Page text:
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anonymous
 5 years ago
How do I calculate the heat being produced by a bunch of servers enclosed in a room. I have measurements for the air flow in and air out of the room through fans. I have the temperature at both fans, too. The diameter of both fans is 6inches and they are circular. Any ideas?
anonymous
 5 years ago
How do I calculate the heat being produced by a bunch of servers enclosed in a room. I have measurements for the air flow in and air out of the room through fans. I have the temperature at both fans, too. The diameter of both fans is 6inches and they are circular. Any ideas?

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anonymous
 5 years ago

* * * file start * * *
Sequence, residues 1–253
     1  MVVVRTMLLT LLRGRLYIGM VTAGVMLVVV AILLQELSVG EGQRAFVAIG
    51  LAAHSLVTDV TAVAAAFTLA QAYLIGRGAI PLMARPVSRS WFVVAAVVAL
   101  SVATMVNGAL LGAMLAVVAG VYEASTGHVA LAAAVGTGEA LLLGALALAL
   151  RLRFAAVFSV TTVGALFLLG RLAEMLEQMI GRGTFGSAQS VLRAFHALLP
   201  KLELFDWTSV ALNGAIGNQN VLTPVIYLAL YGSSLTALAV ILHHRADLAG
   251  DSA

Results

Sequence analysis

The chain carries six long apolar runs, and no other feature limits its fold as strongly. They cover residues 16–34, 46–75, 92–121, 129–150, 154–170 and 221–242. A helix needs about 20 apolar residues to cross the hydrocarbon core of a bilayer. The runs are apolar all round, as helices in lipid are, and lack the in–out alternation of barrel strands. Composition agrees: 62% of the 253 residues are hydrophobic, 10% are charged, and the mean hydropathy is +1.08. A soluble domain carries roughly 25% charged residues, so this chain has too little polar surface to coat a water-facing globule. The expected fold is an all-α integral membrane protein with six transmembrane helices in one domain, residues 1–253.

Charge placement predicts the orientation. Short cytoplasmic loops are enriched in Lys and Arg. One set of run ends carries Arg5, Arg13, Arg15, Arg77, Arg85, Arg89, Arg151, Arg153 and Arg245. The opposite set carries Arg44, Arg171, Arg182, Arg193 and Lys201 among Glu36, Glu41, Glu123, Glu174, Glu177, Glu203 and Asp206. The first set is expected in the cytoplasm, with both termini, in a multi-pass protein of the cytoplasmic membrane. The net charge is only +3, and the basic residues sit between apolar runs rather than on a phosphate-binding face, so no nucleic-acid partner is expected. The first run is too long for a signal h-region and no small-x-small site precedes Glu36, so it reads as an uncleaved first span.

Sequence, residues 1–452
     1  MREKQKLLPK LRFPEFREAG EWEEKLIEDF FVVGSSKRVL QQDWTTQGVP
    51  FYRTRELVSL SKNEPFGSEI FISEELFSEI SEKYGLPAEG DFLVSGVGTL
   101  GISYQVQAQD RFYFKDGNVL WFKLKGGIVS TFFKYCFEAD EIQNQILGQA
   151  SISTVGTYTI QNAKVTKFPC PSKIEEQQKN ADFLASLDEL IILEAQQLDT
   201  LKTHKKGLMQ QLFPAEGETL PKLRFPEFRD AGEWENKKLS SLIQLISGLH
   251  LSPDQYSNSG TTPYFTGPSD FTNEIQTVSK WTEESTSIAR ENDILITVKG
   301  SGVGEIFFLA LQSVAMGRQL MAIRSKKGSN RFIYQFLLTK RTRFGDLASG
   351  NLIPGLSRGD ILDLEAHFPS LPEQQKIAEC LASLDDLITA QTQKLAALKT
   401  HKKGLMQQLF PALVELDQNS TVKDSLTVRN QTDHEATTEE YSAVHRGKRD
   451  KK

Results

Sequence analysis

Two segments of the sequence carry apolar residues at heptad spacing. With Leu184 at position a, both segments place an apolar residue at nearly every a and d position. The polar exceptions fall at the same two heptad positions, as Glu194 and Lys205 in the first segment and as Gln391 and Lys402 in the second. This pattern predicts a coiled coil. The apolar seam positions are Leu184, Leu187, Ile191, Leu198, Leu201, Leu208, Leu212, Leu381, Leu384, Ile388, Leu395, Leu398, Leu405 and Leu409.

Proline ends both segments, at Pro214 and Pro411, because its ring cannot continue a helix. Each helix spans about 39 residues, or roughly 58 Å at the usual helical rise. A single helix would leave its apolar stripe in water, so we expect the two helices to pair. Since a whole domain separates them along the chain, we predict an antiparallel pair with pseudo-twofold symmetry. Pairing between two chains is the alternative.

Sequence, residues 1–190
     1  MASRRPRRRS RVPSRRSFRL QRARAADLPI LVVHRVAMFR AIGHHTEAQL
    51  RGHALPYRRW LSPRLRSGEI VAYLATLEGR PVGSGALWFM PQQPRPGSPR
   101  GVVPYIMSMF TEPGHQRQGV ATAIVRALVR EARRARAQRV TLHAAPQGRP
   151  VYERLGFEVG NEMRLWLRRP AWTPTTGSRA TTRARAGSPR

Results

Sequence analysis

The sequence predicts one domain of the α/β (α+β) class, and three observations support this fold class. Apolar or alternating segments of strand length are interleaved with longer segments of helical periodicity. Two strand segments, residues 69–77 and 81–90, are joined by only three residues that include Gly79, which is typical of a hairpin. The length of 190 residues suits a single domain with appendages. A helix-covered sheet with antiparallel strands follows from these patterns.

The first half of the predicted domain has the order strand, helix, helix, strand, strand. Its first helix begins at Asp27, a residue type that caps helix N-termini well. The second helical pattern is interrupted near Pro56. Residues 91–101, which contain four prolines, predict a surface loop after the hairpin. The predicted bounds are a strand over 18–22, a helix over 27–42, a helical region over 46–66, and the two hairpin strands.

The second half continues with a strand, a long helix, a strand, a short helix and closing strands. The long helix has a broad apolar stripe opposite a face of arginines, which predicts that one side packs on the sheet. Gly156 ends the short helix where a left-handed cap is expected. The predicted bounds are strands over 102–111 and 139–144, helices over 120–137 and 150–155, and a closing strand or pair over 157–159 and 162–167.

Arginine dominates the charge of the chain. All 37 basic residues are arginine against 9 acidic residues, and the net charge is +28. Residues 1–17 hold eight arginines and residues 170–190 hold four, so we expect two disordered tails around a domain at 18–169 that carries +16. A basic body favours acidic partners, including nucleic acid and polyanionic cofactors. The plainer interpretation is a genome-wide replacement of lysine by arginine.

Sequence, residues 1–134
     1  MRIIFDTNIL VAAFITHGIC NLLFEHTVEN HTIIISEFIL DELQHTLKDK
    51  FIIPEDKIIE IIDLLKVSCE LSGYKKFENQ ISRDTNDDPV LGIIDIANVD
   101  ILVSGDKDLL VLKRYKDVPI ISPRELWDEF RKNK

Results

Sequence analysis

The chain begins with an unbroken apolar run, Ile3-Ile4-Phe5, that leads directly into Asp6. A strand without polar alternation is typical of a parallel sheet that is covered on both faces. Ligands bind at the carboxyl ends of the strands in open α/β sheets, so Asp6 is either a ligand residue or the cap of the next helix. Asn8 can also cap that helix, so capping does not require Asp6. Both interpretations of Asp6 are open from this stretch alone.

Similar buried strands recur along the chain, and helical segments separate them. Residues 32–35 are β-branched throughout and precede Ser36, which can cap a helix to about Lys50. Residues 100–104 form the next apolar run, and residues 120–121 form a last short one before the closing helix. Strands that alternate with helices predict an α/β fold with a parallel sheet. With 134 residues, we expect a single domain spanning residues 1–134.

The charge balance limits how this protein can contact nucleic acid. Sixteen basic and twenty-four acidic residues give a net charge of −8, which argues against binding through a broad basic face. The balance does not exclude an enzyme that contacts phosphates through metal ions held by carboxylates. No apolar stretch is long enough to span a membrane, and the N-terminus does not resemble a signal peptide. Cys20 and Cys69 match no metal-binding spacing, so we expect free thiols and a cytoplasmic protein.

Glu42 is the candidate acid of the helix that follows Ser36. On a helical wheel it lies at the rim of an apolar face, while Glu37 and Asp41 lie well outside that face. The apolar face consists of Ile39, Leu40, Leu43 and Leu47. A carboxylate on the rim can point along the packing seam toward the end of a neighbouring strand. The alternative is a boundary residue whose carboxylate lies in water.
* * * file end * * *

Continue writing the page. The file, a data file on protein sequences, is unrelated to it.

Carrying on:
Best ResponseYou've already chosen the best response.0We can model the room as an open thermodynamic system. From the first law, we know that\[Q  W = \dot m \Delta h\]where \(Q\) is the heat being added to the system, \(W\) is the work being done by the system, \(\dot m\) is the mass flow rate of the air, and \(\Delta h\) is the change in enthalpy. We can simply our analysis considerably if the make a couple of assumptions: 1) Air as having a constant specific heat. 2) The fans simply move the air and don't do any measurable amount of work on the air. (Obviously the fan do work on the air to move it, but will consider this work as not adding any thermal energy to the system.) 3) Both fans have the same mass flow rate. 4) The room is adiabatic. Therefore, the only heat addition is from the servers. Let's observe the impact of these assumptions to our first law equations. From (1), \(\Delta h = c_p \Delta T\) where \(\Delta T\) is the change in temperature of the air at the fans and \(c_p\) is the constant pressure specific heat of air (Can be found here: http://www.engineeringtoolbox.com/airpropertiesd_156.html) (Use the specific heat corresponding to the average temperature at the inlet and outlet fans.) From (2), \(W = 0\) From (3), \(\dot m_{in} = \dot m_{out}\) (Refer to the diagram below.) From (4), \(Q=\) the heat generated by the servers. Now, let's draw our system boundary. dw:1326855472158:dw Now, we are able to come up with a manageable first law expression, as follows:\[Q_{server} = \dot m c_p(T_{out}  T_{i n})\]\(Q\) will have units Watts. If we don't known the mass flow rate data, we can still solve this problem, as follows:\[q_{server} = c_p (T_{out}  T_{ i n})\]Here \(q\) has units \(\rm J \over kg\)
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